Bronco Raptor is an off-roader’s fantasy
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Bronco Raptor is an off-roader’s fantasy

By GoAuto - 18 February 2022


If ever there was a vehicle that would be high on the wish lists of local off-road enthusiasts, the Ford Bronco Raptor would be near the very top.

The Blue Oval recently unveiled a hardcore Raptor version of the North American-produced, T6-generation Ranger-based off-roader, replete with a stonking 294kW twin-turbo 3.0-litre V6 engine and a host of body- and mechanical upgrades. 

The purposefully doorless Bronco Raptor is claimed to be the world’s first Ultra4 Racing-inspired 4x4 that’s as adept at scaling desert dunes at breakneck speeds as extreme rock crawling. It’s essentially Ford’s answer to the 350kW 6.4-litre HEMI V8-engined Wrangler Rubicon 392 that was unveiled late last year, although, like the Jeep, it’s likely to remain exclusive to the US market.

Ford Performance chief engineer likens the Bronco Raptor to an Ultra4 desert racer.

“The Bronco Raptor is our ultimate vehicle for hardcore off-road enthusiasts who demand more,” Ford Performance chief engineer Carl Widmann said. “Like the Ultra4 desert race trucks, the ‘Raptor of SUVs’ is equipped with competition-level off-road technology and hardware.”

This includes a fully boxed, high-strength steel frame with shock towers that facilitate increased wheel travel, as well as heavy-duty bash plates and skid plates. Courtesy of a B-pillar crossbar and C-pillar reinforcement, the Raptor’s body is 50 per cent more rigid than that of a standard Bronco.

The Bronco Raptor is no less than 249mm wider than the vehicle on which it is based. Because it is 2250mm wide, US legislation mandates that the Ford is fitted with a trio of orange lights across its grille! Plus, the Raptor’s competition-level axles make the off-roader’s tracks a 218mm wider.

Like other Raptor models, the Bronco Raptor is wider and more rigid than its derivative.
The new off-roader’s heavy-duty steel front bumper features tow hooks, removable end caps for improved off-road clearance, and removable LED fog lights – plus a vented bonnet, which is made from sheet-moulding compound (SMC) and features Raptor badging.

Around the side, the Bronco Raptor has bespoke front and rear fenders, SMC wheel arches with integrated vents, wheel-arch extensions, and reinforced rock rails with removable side steps. To realise the newcomer’s off-roading aspirations, 37-inch BF Goodrich KO2 all-terrain tyres are fitted.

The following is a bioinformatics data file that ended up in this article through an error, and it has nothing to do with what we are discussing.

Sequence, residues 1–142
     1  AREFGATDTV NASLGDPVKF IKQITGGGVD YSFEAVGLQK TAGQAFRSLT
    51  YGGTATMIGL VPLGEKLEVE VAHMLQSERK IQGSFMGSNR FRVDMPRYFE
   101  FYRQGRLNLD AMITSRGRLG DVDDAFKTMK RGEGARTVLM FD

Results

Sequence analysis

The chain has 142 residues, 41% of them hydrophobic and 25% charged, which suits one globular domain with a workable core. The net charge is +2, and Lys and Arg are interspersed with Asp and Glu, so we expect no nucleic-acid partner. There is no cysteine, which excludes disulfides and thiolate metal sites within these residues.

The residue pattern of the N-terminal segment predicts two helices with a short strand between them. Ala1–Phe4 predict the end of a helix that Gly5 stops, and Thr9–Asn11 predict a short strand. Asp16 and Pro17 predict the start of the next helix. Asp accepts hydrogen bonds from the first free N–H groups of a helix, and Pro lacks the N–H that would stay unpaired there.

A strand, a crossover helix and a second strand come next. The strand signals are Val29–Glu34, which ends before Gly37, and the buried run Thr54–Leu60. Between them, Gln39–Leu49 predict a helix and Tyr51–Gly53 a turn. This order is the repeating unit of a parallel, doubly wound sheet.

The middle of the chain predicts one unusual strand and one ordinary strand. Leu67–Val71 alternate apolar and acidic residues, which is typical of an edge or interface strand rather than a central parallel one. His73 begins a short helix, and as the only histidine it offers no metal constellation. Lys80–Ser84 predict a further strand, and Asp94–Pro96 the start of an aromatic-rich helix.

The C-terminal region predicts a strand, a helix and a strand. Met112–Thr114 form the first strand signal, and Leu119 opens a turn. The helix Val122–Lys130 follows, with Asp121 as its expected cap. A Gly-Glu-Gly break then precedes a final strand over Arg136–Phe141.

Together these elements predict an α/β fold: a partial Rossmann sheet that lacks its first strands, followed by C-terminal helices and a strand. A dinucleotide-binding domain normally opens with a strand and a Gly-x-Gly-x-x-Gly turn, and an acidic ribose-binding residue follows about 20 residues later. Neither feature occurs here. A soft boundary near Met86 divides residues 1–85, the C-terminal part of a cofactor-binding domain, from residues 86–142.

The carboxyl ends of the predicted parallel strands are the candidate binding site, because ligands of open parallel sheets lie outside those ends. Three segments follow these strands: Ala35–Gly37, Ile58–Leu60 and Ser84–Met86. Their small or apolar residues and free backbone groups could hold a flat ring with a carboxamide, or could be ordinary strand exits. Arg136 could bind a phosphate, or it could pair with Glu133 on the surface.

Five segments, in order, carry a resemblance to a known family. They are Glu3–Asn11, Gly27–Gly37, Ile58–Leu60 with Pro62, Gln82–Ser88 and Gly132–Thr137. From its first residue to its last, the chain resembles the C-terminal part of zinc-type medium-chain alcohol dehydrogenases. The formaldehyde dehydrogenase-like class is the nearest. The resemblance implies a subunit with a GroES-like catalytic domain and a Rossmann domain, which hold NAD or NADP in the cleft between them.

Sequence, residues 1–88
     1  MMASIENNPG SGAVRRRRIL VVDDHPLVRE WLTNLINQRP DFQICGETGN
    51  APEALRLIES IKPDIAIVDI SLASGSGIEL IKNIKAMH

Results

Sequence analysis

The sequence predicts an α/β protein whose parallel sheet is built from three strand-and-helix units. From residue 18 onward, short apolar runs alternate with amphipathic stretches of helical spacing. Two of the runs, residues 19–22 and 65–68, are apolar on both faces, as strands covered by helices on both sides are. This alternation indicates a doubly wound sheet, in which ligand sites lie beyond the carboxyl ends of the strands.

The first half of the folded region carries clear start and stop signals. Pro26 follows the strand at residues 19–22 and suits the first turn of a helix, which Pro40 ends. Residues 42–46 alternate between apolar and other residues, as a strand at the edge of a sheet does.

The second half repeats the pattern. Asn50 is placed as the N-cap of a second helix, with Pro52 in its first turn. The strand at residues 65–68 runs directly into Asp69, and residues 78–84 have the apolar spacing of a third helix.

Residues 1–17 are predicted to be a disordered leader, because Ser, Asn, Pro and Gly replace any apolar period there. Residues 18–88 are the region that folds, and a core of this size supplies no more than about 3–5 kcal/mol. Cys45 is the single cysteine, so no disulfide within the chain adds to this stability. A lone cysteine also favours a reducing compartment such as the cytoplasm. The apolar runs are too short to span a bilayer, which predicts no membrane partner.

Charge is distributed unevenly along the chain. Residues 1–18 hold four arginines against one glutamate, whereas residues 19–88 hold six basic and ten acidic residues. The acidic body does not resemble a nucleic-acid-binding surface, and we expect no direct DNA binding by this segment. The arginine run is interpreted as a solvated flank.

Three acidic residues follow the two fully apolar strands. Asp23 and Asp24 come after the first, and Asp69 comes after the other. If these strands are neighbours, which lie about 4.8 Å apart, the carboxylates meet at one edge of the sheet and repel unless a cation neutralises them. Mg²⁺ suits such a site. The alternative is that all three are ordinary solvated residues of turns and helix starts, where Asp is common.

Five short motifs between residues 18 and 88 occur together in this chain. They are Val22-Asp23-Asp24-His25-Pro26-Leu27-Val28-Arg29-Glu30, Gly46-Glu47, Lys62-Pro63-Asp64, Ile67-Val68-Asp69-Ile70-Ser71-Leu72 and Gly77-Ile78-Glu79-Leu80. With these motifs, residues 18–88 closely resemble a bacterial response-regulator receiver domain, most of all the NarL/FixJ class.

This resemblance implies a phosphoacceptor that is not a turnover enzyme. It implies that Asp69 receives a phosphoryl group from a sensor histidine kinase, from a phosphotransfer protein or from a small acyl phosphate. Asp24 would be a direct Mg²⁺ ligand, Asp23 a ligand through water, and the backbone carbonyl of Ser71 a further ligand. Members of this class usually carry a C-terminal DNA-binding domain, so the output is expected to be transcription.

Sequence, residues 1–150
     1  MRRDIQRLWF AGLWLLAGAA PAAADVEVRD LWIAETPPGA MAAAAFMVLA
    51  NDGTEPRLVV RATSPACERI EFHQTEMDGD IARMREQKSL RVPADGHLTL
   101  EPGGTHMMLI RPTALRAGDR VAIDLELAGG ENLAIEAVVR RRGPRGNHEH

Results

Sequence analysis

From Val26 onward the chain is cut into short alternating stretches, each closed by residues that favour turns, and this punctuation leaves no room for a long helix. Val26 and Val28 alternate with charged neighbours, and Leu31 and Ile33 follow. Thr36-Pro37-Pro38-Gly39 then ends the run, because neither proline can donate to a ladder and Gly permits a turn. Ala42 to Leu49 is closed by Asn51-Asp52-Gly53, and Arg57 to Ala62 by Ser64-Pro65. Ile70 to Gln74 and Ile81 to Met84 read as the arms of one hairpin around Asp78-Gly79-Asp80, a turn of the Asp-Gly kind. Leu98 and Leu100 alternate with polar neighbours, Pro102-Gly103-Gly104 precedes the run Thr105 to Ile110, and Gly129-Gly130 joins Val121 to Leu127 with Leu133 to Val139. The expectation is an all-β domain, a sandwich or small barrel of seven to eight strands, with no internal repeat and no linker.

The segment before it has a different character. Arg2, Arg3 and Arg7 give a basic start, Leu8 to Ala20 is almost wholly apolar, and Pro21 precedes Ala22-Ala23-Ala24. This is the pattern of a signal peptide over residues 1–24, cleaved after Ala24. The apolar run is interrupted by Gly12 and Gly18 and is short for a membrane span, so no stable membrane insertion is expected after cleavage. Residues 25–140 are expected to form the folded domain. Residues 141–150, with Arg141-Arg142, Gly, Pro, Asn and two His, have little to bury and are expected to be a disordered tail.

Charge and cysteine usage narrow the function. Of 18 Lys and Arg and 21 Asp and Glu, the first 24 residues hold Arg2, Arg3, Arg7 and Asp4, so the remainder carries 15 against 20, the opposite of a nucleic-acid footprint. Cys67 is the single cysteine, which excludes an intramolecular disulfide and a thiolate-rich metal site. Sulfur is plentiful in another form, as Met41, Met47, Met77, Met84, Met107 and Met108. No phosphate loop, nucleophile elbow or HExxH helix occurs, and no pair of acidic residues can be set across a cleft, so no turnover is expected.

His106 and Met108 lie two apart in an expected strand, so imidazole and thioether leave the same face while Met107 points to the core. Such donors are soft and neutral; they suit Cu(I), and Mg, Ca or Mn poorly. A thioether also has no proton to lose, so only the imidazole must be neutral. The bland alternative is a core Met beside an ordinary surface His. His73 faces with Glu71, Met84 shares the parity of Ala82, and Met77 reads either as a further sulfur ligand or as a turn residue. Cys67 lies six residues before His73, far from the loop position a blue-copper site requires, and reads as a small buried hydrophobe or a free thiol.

Meanwhile, the newcomer’s twin-turbocharged 3.0-litre V6 engine delivers 294kW and 563Nm of torque.

The powerplant, which makes the Raptor the most powerful road-legal Bronco ever, features uprated intercooler and air-induction systems to compensate for higher ambient desert temperatures. It’s mated with a beefed-up version of Ford’s 10-speed automatic transmission and an upgraded transfer case that features a 3.06 4x4 low ratio for up to 67.7:1 crawl ratio.

The 294kW/563Nm Bronco Raptor is the most powerful production Bronco ever!

The High-Performance Off-Road Stability Suspension 4.0 was co-developed with FOX and Ford Performance. The adaptive system features internal bypass semi-active dampers that deliver up to 60 per cent more wheel travel than before, while the ground clearance is a claimed 333mm. 

The solid rear axle is a semi-float Dana 50 Heavy-Duty AdvanTEK with 235mm ring gear, while the Dana 44 AdvanTEK front-drive unit includes upgraded half-shafts with 210mm ring gear.

To add to the Raptor’s sense of theatre, a dual exhaust system with active valve technology produces no fewer than four selectable exhaust notes including Normal, Sport, Quiet and Baja. 

The Bronco Raptor further utilises Ford’s G.O.A.T. (Goes Over Any Type of Terrain) terrain management system, which offers seven selectable modes, including a uniquely tuned Baja mode and a Tow/Haul mode that allows for a maximum tow rating of 2041kg, the Blue Oval says. 

Still Bronco, but now with more G.O.A.T.

The off-roader’s interior is no less purpose-built than its hardcore exterior and is accented with Code Orange on the G.O.A.T modes dial, vents, door netting, steering wheel stitching and Bronco logo. The grab handles, steering wheel bezel and transmission lever have carbon-fibre accents.

The Bronco Raptor’s cabin features, inter alia, a 12.0-inch digital instrument cluster and similarly sized SYNC4 touchscreen infotainment array, as well as a 360-degree camera system.

It can be upgraded with sports seats trimmed in leather and suede, a thicker-rimmed steering wheel equipped with magnesium shift paddles, carpeted flooring, Code Orange seat belts, as well as a 10-speaker B&O premium sound system and adaptive cruise control (Lux Package).

Even though the Bronco Raptor is based on one of Australia’s top-selling models – the Ranger – it’s not earmarked for right-hand-drive production, which rules it out for our market. However, several of the off-roader’s mechanical elements, including perhaps its twin-turbo petrol V6, are likely to be incorporated in the next-gen Ranger Raptor, which should arrive Down Under in 2023.

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